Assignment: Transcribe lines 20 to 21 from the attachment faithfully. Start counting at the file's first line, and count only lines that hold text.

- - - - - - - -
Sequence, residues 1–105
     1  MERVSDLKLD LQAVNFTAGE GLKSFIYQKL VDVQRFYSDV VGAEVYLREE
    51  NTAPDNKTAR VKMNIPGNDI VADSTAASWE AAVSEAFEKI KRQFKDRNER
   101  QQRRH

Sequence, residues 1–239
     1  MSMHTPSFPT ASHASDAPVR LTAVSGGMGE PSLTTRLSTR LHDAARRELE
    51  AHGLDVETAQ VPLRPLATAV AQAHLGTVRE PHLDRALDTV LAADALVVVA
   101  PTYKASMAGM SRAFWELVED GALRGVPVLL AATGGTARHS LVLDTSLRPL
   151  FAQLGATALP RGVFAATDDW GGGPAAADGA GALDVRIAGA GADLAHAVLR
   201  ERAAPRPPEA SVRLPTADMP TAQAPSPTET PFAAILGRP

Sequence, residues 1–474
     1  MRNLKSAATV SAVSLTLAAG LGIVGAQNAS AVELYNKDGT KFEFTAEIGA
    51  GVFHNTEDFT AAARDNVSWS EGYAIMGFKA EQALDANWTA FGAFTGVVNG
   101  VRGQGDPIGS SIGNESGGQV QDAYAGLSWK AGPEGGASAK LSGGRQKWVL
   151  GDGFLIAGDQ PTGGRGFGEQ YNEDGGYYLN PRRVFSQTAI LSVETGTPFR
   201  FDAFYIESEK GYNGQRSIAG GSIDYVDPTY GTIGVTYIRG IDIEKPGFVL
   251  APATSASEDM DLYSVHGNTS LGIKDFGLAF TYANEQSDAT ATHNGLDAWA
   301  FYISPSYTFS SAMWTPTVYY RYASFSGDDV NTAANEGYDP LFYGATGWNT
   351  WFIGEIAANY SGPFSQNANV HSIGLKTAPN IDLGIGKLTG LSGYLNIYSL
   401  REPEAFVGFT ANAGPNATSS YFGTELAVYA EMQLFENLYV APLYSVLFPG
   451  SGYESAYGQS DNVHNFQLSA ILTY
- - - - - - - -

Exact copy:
   401  REPEAFVGFT ANAGPNATSS YFGTELAVYA EMQLFENLYV APLYSVLFPG
   451  SGYESAYGQS DNVHNFQLSA ILTY